On stillness and being alone

“Cherish your solitude. Take trains by yourself to places you have never been. Sleep out alone under the stars… Go so far away that you stop being afraid of not coming back. Say no when you don’t want to do something. Say yes if your instincts are strong, even if everyone around you disagrees…”
― Eve Ensler
“We live, in fact, in a world starved for solitude, silence, and private: and therefore starved for meditation and true friendship.”
― C.S. Lewis, The Weight of Glory

solitudeAs part of my meditation through writing course, I have been thinking about stillness and being alone. It is an opportune time as I have finished the school year and have gone from the one extreme to another: from the noise and constant company of a busy school to the quiet and seclusion of my parents home.

I have always struggled with the stereotyping of extraverts and introverts. I can be extremely sociable leading a class with enthusiasm, humour and energy or speaking out with confidence in a large group of people; nevertheless I find social interaction exhausting and I re-energise by being alone. I suppose that makes me an introvert, but that doesn’t mean I am socially awkward or don’t enjoy socialising.

What I have noticed about myself is that the more busy I am and the more I interact with the others, the harder I find it to be still and savour times when I am alone. The social interaction makes me agitated and on edge and as a result I forget how to be alone and when the time comes I need to relearn.

So I am going to explore what being alone means to me as a way back into solitude.

Places I like to be alone:

At work I am restricted to a desk in an office or classroom. Here I can work in the garden or even from a hammock!

  • My parents’ living room with a good book – my parents home is a haven for me where I feel safe, secure and removed from the world. I know my family are around me, but at the same time I have the space to be alone and still.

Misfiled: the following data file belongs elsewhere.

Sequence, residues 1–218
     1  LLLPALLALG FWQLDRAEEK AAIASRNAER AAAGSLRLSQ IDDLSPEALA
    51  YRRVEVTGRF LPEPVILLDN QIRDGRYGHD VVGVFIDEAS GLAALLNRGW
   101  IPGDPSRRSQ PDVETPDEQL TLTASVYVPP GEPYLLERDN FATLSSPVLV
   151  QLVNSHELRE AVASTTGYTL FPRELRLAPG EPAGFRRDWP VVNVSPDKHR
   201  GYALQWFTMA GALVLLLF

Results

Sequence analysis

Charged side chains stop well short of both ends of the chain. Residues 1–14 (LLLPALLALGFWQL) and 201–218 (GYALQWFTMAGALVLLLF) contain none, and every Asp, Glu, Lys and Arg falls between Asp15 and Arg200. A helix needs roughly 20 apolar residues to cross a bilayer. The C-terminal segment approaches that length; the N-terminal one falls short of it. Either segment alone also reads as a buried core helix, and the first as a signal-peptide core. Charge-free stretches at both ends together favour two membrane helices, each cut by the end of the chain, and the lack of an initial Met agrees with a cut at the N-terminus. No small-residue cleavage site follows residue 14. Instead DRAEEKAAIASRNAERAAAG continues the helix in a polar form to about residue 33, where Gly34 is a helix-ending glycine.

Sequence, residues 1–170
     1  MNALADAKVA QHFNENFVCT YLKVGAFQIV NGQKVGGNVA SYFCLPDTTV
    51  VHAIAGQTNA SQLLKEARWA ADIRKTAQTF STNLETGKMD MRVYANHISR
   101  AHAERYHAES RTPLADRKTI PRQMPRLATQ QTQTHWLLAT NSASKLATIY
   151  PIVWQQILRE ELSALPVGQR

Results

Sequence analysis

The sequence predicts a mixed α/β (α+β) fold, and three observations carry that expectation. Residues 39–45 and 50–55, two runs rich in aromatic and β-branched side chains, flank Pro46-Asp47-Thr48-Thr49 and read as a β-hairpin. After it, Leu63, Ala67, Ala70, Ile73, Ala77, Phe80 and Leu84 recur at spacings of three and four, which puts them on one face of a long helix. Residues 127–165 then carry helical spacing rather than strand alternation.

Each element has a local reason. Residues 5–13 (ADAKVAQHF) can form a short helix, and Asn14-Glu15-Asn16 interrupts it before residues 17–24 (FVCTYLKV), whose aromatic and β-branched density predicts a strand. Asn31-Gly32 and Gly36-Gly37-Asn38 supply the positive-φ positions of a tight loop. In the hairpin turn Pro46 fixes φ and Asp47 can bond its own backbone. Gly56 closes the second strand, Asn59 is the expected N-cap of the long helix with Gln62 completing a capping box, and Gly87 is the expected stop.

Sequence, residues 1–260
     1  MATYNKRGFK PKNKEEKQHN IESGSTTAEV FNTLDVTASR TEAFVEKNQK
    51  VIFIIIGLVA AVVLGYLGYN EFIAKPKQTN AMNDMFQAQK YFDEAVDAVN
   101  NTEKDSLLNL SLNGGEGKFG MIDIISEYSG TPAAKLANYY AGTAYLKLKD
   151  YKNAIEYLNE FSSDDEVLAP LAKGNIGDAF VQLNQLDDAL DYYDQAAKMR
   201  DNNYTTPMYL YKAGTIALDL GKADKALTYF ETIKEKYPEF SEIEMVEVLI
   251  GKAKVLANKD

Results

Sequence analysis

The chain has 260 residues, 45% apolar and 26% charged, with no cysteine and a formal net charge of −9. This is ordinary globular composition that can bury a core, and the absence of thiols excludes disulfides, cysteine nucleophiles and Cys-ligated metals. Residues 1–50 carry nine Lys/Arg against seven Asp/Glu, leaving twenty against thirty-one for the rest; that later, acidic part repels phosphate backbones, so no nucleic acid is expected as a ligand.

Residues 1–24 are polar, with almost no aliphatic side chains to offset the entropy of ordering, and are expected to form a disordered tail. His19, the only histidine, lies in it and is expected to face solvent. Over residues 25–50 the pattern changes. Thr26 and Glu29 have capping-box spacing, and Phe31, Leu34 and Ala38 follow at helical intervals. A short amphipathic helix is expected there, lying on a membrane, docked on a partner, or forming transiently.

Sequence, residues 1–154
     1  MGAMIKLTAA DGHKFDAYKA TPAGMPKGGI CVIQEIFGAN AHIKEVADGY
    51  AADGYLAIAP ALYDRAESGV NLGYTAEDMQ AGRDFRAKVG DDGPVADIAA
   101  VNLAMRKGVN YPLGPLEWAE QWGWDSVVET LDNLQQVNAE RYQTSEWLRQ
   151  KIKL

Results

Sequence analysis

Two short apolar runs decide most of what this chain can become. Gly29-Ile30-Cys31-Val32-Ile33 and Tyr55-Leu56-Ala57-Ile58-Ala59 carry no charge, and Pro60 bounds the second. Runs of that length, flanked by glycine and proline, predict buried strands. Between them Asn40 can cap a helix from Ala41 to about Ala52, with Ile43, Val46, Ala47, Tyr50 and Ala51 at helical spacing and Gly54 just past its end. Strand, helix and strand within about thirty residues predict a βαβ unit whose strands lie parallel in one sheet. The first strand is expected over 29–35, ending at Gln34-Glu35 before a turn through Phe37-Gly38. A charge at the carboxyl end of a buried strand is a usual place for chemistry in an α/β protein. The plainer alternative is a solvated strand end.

• A hammock on a sunny day – I love the be surrounded by nature and absorb the sounds, the light and the smells.
  • In bed on a Saturday morning with nowhere to be or nowhere to go – my bedroom is calm, clean and uncluttered.
  • A bookshop – books have always been a source of solace, comfort and strength for me.
  • On the beach – being by the sea is a very special experience for me. It has an amazing ability to make me feel calm and to feel a sense of perspective.

Activities I like to do while alone:

  • Cooking – I prefer to cook alone as it allows me the space to concentrate on the task of cooking, to think and reflect and perhaps listen to an audio book or music.
  • Cycling – I love the opportunity cycling provides for stillness and how the repetitive movement can become a form of meditation in its own right. This activity also allows for connection with nature.
  • Running for similar reasons to cycling. I used to listen to music when I ran but now I prefer to enjoy the sounds and sights around me.
  • Meditation.

The following is a first for me: I am going to write whatever comes to mind under the title ‘Being Alone’. Control is hugely important to me and when I blog I think through what I write carefully, organise it and structure it. I am going to try breaking away these barriers and see what comes.

Being Alone

Being alone is to explore who you are and what you really truly believe. Being alone is a balm, a counteraction to the noise, the demands the forcefulness of society. When you are alone you have the space and the time to work through and process what it all means and what your place is in it. What does it all mean? I don’t really know and maybe I never will, but it is a work in progress and that work will only progress if it is given the stillness and solitude it needs to breathe. Solitude is air, which I need to breathe. If I do not breathe it in I will suffocate, slowly, imperceptibly, but completely. Being alone gives me strength, but at the same time leaves me vulnerable. Perhaps it is making me vulnerable that makes me strong. One of the greatest barriers to solitude is the feeling that we are missing out: that by being alone we are not making the most of our time. Society is increasingly becoming obsessed with social interaction and activity and we are in real danger of fogetting how to be alone.

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Photo credit: Peter Krtochvil http://www.publicdomainpictures.net/view-image.php?image=4429
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4 Comments

  1. I couldn’t agree more that society directs us away from solitude. I used to need to be busy every second, because that’s the model of life that I was taught….but I have relearned the precious nature of silence. It is truly as necessary as food and shelter.

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